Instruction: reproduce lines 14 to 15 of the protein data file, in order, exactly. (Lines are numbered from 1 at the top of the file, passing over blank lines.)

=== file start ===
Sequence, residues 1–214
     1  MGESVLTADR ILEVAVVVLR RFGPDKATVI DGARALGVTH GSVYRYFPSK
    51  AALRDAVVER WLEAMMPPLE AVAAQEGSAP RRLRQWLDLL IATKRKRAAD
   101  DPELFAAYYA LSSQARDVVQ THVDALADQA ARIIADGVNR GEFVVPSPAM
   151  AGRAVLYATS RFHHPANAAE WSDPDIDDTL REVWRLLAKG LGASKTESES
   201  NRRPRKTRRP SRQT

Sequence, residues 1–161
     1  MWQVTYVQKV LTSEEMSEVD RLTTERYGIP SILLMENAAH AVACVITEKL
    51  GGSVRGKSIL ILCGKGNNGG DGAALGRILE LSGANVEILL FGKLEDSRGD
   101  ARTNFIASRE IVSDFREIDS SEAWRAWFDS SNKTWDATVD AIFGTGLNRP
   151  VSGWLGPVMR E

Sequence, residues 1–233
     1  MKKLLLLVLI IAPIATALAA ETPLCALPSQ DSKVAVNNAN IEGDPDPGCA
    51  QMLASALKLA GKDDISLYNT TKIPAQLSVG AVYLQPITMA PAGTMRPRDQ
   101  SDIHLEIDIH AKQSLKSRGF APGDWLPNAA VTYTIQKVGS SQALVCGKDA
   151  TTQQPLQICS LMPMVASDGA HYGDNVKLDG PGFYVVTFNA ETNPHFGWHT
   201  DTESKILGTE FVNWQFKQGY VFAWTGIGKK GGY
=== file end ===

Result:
    51  QMLASALKLA GKDDISLYNT TKIPAQLSVG AVYLQPITMA PAGTMRPRDQ
   101  SDIHLEIDIH AKQSLKSRGF APGDWLPNAA VTYTIQKVGS SQALVCGKDA